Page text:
Compared to other fuels, gas canisters are light, making them ideal for backpacking, and the stoves that use them can range in size from a substantial grill that could feed a small group to pocket-sized stoves that screw directly on to the gas canister.
Gas canisters are the best option when considering cost-effectiveness, but they do put out more fumes than alcohol stoves. Not so much that you should be worried about using a gas canister stove on your camping trip, but if we’re talking about safety, it’s worth mentioning. Another thing worth mentioning is that there is a risk of explosion with these canisters.
Granted, it is a very small risk, and in the few instances it has happened, it has usually been the result of not being used correctly, but the risk is there. You could accidentally ignite alcohol, but it wouldn’t explode.
Chemical Solid Fuels
Solid fuels are solid materials that burn, like wood. Unlike wood, chemical solid fuels are treated or manufactured to give them better properties for burning in a stove or campfire. They will typically be easier to light and burn for longer than a natural fuel of the same size.
In terms of safety, when transporting, chemical solid fuels are safer than gas or alcohol due to not being as easy to ignite, and there being no risk of explosion.
Chemical solid fuels like this usually come in small pieces, like pellets, and burn hot and quick. They do leave a bit of a mess behind, so that is something you will have to deal with after you have finished cooking.
Nature’s own fuel source. Wood is obviously not the easiest thing to carry due to the amount you would need to equal one of the above options in energy output. Despite wood being the primary source of fuel for fires for tens of thousands of years, it is actually not that efficient, and burns much less hotly than chemical, gas, or alcohol fuels.
Another aspect that often gets overlooked about wood is that it needs to be “seasoned” in order to burn properly. This dramatically reduces the chance that you will be able to find suitable firewood just lying around. Unseasoned wood—that is, wood that has not had a season or two to dry out—will not only be harder to light but will burn much less hotly and produce a lot of smoke. Unless there is a store selling firewood where you are camping, the only way to guarantee you will be able to get seasoned firewood is by taking it with you, and wood is by far the least portable of the camp fuel options listed in this post.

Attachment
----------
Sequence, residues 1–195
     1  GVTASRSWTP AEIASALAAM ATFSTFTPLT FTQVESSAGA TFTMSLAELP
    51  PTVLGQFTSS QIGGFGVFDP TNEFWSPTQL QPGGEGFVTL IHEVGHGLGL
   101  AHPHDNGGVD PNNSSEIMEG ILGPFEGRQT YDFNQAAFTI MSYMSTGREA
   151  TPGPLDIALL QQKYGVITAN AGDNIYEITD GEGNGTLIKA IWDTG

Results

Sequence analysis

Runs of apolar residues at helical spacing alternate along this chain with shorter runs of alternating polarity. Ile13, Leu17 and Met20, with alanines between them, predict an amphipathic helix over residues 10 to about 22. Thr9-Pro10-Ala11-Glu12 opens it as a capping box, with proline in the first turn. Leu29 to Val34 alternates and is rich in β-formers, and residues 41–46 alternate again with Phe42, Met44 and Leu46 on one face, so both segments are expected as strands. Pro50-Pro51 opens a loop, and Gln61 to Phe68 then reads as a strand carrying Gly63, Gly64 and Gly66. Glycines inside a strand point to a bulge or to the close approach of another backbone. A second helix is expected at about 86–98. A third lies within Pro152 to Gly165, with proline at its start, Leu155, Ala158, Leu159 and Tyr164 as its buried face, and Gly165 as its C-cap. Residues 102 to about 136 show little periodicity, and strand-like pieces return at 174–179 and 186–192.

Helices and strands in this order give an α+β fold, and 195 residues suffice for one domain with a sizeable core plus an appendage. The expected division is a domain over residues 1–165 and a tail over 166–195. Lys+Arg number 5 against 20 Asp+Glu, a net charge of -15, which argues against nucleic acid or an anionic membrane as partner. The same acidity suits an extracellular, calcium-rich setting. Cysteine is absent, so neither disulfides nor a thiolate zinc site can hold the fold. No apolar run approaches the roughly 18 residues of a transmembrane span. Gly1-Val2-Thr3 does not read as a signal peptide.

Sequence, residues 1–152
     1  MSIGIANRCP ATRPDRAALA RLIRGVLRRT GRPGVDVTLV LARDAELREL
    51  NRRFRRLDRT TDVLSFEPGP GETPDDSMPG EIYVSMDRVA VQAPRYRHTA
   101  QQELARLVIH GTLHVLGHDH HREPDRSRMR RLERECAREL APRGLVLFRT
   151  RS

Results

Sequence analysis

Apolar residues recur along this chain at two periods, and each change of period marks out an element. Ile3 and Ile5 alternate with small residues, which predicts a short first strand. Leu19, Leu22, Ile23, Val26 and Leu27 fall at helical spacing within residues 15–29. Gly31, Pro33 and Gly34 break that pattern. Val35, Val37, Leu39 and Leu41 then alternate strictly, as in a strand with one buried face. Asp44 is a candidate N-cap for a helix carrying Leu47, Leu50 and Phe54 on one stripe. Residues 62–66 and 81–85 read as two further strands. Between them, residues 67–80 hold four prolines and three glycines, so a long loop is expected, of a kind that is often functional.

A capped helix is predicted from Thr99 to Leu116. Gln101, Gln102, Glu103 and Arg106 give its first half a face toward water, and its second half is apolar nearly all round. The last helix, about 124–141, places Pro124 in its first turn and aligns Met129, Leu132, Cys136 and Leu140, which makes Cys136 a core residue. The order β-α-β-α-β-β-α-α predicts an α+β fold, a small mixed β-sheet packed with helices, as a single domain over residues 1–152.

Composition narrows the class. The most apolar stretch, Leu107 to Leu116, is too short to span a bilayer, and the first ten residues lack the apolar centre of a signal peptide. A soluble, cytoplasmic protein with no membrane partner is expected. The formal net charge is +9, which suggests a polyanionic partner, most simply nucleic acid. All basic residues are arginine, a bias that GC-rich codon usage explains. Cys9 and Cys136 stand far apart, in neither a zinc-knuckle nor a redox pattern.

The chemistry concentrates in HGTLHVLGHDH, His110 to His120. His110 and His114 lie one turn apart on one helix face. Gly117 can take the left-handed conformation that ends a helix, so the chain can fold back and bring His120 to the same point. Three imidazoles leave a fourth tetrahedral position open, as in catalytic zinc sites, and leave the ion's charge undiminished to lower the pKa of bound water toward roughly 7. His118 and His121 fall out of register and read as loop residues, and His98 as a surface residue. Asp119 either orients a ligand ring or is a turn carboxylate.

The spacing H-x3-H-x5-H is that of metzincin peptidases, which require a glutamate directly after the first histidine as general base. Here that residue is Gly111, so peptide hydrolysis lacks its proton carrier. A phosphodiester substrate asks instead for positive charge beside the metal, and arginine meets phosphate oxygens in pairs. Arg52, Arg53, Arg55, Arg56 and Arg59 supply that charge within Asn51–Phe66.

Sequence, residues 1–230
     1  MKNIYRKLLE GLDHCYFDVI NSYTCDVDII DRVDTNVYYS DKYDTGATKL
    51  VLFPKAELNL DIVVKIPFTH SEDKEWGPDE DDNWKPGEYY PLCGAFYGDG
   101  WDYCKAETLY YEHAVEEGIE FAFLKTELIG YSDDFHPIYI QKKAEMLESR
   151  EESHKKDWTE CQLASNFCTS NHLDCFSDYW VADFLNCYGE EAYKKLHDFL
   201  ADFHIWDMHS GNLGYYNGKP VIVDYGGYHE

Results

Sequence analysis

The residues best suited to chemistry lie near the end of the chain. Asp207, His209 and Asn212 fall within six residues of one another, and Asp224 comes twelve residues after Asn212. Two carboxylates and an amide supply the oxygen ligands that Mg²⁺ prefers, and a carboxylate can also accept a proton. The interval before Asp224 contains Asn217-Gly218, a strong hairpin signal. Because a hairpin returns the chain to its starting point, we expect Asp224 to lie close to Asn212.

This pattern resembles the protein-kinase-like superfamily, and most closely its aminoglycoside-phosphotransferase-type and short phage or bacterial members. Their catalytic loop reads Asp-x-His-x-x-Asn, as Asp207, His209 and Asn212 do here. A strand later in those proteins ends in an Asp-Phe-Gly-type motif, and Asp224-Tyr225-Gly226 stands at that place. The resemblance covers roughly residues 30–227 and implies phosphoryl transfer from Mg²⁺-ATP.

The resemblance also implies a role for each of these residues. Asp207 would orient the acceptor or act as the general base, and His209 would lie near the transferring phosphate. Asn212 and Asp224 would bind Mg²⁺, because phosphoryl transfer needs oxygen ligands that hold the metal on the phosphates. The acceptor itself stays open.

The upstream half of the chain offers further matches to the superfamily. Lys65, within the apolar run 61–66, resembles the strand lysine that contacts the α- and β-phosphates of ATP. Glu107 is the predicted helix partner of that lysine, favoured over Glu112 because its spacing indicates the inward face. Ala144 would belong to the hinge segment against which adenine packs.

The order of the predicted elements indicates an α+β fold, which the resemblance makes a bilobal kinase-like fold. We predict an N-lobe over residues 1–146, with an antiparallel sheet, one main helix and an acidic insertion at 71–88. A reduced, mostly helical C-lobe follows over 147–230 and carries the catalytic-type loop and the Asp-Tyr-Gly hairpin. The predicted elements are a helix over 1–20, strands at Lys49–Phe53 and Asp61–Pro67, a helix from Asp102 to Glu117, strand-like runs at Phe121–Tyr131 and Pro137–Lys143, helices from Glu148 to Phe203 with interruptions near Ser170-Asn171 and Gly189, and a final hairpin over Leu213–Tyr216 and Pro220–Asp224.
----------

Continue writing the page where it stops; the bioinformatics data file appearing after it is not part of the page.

Alcohol Gets Our Vote
All things considered, we think alcohol is the healthiest camp fuel you can use for cooking. It may be a little bulkier than gas canisters, but there is no risk of explosions, and it is friendlier on the environment thanks to its incredibly efficient burning process. Furthermore, alcohol is a sterilizing agent, which may come in handy when out in the wilderness.
And if you find yourself in a one-road town in the middle of nowhere, you’re far more likely to be able to purchase more alcohol for your stove than a replacement gas canister. Just be sure to observe proper safety measures when using alcohol stoves. Remember, the flame is much less visible than with other methods, so don’t assume it has gone out just because you can’t see it.
Ultimately, there isn’t much to separate alcohol and gas canisters when we are talking purely about which one is healthiest; either is fine. But from a convenience standpoint, it is hard to argue against the gas canisters. You get more fire from a smaller amount of space, and much more control over that fire when it is lit. Not to mention, it can burn much hotter than any of the other alternatives.
In short, even though we think alcohol is probably slightly healthier when it comes to cooking your food, gas canisters are probably the better all-round package. And us picking alcohol is in no way a statement that gas canisters are unhealthy. As long as you cook your food properly and safely, you should be just fine with either.